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Thread: Do shocks drop with age

  1. #21
    Senior Member Josh's Avatar
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    Quote Originally Posted by Drive Stainless View Post
    Does AVO actually have an American distributor, or are all of the vendors importing the shocks from the UK on their own behalf?

    Something to consider:
    We've seen past failures with the SPAX suspension. As a result, the vendors have stopped carrying them. Should one of these AVO suspension components break and cause injury as a result of a manufacturing defect, who will you sue? With no American distributor, it's unlikely you could get personal jurisdiction over UK-based AVO. Therefore, you'd be stuck suing in the UK, which means you'd have an uphill battle from the very beginning with finding a UK-based attorney, paying to lodge and fly your witnesses to the UK, and then you'd pray for justice from an unavoidably biased English jury. Good luck.

    On the other hand, you could buy a USA-made suspension manufactured right here in Minnesota and with dealers located throughout the nation (http://www.qa1.net/dealers). If trouble finds you, you can almost certainly sue QA1 in your home or neighboring state based on specific jurisdiction (minimum contacts).

    Note that this post is not meant to be construed as legal advice nor does it create an attorney-client relationship.
    That escalated quickly lol

    You crazy Americans.

  2. #22
    One of those purists you keep hearing about. sdg3205's Avatar
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    Quote Originally Posted by Josh View Post
    That escalated quickly lol

    You crazy Americans.
    Lol!
    Dave

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  3. #23
    Matt Drive Stainless's Avatar
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    Quote Originally Posted by Josh View Post
    That escalated quickly lol

    You crazy Americans.
    LOL, well it wasn't made to escalate anything, but it's something to consider. Terrible things happen in the world, and after about 50 credits of reading about terrible things, I've changed a lot about the way I make choices.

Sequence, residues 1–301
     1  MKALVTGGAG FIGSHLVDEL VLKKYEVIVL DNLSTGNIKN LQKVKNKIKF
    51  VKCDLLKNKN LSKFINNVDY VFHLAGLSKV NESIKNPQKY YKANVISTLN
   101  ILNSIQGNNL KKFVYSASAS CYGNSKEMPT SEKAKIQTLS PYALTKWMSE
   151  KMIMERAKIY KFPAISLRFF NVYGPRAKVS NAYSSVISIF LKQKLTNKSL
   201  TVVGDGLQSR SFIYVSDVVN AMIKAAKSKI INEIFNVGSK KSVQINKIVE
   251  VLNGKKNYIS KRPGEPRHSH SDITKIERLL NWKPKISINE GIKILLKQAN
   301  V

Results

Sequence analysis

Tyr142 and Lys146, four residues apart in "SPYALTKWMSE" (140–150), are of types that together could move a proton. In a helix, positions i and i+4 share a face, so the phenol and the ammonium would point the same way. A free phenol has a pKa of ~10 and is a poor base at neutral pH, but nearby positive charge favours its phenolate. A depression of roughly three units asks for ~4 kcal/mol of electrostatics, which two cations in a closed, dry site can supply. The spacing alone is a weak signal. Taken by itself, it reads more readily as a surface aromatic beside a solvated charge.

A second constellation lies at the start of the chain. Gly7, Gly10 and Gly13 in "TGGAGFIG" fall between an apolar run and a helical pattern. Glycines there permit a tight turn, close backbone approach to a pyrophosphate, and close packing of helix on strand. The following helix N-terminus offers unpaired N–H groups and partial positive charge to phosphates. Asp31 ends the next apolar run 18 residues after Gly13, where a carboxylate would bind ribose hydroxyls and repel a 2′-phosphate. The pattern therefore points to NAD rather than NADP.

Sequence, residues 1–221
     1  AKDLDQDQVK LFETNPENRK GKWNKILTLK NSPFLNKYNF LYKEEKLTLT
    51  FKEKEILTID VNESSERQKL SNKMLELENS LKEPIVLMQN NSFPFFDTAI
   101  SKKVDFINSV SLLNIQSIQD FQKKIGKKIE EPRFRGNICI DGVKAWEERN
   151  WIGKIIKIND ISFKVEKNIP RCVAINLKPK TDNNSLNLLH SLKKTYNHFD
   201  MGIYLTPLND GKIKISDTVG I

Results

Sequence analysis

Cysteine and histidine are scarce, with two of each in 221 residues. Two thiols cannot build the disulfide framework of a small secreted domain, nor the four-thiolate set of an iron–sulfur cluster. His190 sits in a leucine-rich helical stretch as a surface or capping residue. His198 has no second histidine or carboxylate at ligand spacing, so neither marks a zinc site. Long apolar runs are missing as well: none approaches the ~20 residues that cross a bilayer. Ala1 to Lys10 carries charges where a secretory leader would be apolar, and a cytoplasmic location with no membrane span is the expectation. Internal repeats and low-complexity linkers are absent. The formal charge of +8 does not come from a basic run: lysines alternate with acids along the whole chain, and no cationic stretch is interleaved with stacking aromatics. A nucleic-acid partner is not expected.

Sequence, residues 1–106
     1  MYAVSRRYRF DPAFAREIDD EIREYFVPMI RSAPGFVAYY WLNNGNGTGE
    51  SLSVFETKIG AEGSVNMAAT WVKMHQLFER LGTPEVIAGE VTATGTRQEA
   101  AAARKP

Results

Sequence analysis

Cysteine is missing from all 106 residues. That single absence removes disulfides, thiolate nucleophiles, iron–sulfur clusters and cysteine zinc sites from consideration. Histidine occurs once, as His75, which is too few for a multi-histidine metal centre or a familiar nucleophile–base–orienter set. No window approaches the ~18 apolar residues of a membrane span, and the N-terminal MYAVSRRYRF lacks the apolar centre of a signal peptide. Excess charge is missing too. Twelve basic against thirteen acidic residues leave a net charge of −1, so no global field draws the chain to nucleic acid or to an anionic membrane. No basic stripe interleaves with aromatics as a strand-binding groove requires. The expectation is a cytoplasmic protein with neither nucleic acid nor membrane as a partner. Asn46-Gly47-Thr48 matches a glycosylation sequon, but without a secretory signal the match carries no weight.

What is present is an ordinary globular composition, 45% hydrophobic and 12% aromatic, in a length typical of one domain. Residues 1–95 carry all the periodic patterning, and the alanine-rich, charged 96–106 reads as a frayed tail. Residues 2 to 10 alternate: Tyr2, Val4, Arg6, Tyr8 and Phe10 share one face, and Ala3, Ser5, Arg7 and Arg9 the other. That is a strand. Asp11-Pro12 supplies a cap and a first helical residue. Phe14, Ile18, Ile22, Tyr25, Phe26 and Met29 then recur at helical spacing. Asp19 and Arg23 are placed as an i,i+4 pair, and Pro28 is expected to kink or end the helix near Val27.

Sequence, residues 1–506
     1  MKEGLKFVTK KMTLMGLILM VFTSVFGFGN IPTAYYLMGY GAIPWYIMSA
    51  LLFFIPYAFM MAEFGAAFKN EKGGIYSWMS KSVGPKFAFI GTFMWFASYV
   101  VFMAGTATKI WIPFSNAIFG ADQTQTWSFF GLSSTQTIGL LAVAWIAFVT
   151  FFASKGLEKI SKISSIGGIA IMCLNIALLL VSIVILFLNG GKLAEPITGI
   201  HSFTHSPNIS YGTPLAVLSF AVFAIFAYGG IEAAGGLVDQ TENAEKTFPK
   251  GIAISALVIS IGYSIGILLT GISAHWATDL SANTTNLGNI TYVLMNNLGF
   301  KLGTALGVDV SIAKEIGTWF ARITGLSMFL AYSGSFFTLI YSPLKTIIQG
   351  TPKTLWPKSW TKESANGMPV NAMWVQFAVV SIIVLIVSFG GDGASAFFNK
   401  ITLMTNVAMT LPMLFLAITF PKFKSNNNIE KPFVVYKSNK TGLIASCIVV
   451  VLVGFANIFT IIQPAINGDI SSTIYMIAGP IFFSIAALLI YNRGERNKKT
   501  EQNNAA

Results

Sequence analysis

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  4. #24
    Senior Member DMC-81's Avatar
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    I did some searching and AVO Shocks were apparently designed by Ron Avon, the same guy who designed Protech shocks, so say the guys and gals on the UK automotive forums.
    Dana

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  5. #25
    Wannabe dodint's Avatar
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    Quote Originally Posted by Drive Stainless View Post
    LOL, well it wasn't made to escalate anything, but it's something to consider. Terrible things happen in the world, and after about 50 credits of reading about terrible things, I've changed a lot about the way I make choices.
    I'm only six weeks in and I'm seeing everything as some kind of possible tort. Hoping this sickness goes away so I can return to enjoying life.

  6. #26
    Former Owner delo2.8's Avatar
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    Quote Originally Posted by Josh View Post
    Dana you do raise a good point, and a concern I always had with John's rear shock setup.

    Perhaps the change in height is the collar letting go and sliding downwards (very scary)

    You can buy NOS rear Girlings for $75 a set you know? Great deal if you ask me and properly designed for the rear "coilover" setup.
    I put John's rear setup on my car. A few weeks after installation I hit a decent pot hole and the drivers side collar slipped down to the bottom of the shock, pretty scary. I talked to a mechanic friend of mine who works on a lot of aftermarket and high performance vehicles in his shop and he took one look at it and said he would never run anything like that.
    Del Silveira